In the Market of Zhakrobat / By Uri Alon
Illustrations: Menachem Halberstadt
The famous tale of “Joseph and the Shabbat Fish” is known to us in many different adaptations, and is presented here in a very funny rhyming version.
“This Day is More Precious than All Other Days” (from a Shabbat song)
Joseph goes to the Zhakrobat market looking for special things to prepare for the Sabbath, to honor the important “guest” that visits his home each week anew. These preparations for Shabbat build up anticipation of the day, and help celebrate it as something special and different from the rest of the week. The story also invites us to think about wealth and poverty, and about ways to achieve happiness and spiritual contentment.
Shabbat shalom and happy reading!
- Talk with your children about the two protagonists in the story, Balthazar and Joseph, and compare them. Balthazar has much treasure at home but doesn’t share his wealth with others, whereas the impoverished Joseph is content with his lot in life and opens his home to guests on Shabbat.
You may want to discuss the difference between being “thrifty” and being “stingy” (both terms used in the story), and talk about the kind of generosity that doesn’t depend on having money.You might also discuss the concept of envy, and ask your children why they think Balthazar was so determined that his treasure not fall into Joseph’s hands.
- Using simple props (you could make a precious “diamond” out of a crumpled ball of aluminum foil, and use a towel or scarf for a turban), you could dress up as the characters in the story and put on a family play. You could also use dolls, puppets, and stuffed animals to put on a show about this story.
- Joseph’s daughter goes with him on his trip to the market. Where do you do your shopping – at a farmers’ market, or at the supermarket? A visit to a bustling farmers’ market can be an enjoyable adventure for young children. You could work together to write and illustrate ashopping list for Shabbat, and then look for them in the farmers’ stalls at the market, or at the store.
- After reading the story, you can talk with your children about the way your own family celebrates Shabbat. What does your family do that is special? Who are your guests? You might work with your children to make an album of photos and drawings: “Our Shabbat,” featuring the people and things that make the Sabbath day special in your family.
- Do you, like Joseph and his family, enjoy hosting or being a guest on Shabbat? Many children enjoy taking part in the preparations for entertaining guests into their home. They can make a “Welcome” sign and hang it on the front door, help set the table, help with kitchen chores, or decorate the table with special drawings for each place setting.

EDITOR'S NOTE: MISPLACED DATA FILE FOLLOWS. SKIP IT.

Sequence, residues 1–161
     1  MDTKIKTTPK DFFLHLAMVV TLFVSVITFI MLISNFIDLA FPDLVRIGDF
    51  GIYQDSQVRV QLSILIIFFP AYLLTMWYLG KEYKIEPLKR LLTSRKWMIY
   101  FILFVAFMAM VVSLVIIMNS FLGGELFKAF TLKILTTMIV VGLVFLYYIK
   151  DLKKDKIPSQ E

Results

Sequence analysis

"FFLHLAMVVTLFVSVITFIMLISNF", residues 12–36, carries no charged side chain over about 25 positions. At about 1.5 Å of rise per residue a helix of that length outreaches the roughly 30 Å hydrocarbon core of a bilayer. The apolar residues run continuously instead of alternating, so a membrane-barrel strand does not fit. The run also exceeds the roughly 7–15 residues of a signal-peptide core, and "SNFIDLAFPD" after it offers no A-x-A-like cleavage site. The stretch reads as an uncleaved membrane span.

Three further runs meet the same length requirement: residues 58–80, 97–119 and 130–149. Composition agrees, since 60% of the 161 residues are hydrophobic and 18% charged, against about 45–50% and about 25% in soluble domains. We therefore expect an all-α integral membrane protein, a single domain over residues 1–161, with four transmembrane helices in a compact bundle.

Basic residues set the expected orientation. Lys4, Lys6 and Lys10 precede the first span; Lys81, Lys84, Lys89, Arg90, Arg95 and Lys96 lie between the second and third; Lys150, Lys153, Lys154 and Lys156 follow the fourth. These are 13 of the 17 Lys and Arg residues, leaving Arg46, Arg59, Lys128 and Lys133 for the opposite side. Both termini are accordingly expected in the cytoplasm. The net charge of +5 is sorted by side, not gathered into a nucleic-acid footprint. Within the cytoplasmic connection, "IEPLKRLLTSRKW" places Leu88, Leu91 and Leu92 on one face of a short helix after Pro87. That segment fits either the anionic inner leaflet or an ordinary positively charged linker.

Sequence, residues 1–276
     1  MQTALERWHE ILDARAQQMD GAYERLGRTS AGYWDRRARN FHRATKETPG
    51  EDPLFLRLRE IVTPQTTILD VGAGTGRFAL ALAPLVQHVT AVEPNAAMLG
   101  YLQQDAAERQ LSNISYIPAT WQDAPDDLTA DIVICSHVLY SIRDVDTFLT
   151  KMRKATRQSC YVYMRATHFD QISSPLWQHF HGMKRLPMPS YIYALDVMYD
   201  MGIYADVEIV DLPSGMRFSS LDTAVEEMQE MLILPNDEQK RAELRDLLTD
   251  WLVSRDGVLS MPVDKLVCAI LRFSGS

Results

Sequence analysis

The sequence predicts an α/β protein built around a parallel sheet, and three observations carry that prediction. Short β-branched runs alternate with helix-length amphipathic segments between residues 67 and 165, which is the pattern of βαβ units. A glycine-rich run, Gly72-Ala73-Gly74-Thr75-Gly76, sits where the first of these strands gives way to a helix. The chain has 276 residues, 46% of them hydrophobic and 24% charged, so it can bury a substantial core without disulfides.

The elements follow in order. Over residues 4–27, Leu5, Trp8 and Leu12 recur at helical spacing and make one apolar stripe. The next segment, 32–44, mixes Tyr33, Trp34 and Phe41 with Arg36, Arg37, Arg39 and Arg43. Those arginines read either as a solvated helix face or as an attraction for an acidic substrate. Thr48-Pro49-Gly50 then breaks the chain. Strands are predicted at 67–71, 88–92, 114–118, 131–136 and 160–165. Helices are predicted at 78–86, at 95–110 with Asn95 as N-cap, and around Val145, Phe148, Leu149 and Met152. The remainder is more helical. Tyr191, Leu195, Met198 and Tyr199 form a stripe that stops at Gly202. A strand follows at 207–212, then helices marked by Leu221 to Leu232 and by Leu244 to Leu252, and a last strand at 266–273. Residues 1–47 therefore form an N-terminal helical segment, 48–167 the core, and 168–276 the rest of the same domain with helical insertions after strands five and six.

- Many sources tell us about the unique character of Shabbat and the preparations for the day. Together, think of all the songs and stories you know about Shabbat (for example, “Who Loves Shabbat” by Ehud Manor; “Chanaleh and the Sabbath Dress” by Yitzchak Demiel; “The Missing Spice” arranged by Devorah Omer; etc.).
- Do you know a different version of the “Joseph Who Treasures Shabbat” story? If you do, you can share it with your children and compare the differing versions.
- The illustrations on the final pages of the book tell us, without words, what happens at the end of the story. Look at the illustrations together, and then use your ownwords to describe what happens after Joseph buys the big fish in honor of Shabbat. Notice the many figures that the illustrator added to the pictures throughout the story, and maybe invent a dialogue between these gossiping bystanders and Joseph.
Have fun reading and talking about this book!
The story of “Joseph Who Treasures Shabbat,” as told in Aramaic in the Babylonian Talmud, Tractate Shabbat 119:
Joseph-who-treasures-Shabbat had a neighbor who owned a lot of property. Fortune-tellers told him, “Joseph-who-treasures-Shabbat will consume all your property.” — [So] he went, sold all his property, and bought a precious stone with the proceeds, which he set in his turban. As he was crossing a bridge, the wind blew it off and cast it into the water, [and] a fish swallowed it. [Subsequently] it [the fish] was hauled up and brought [to market] on the Sabbath eve, just before sunset. “Who will buy it at this late hour?” they protested. “Go and take it to Joseph-who-treasures-Shabbat,” they were told, “as he is in the habit of buying a great deal for Shabbat.” So they took it to him. He bought it, opened it, found the jewel inside, and sold it for thirteen vessels filled with gold coins. A certain old man met him [and] said, “He who lends to the Sabbath, the Sabbath repays him.”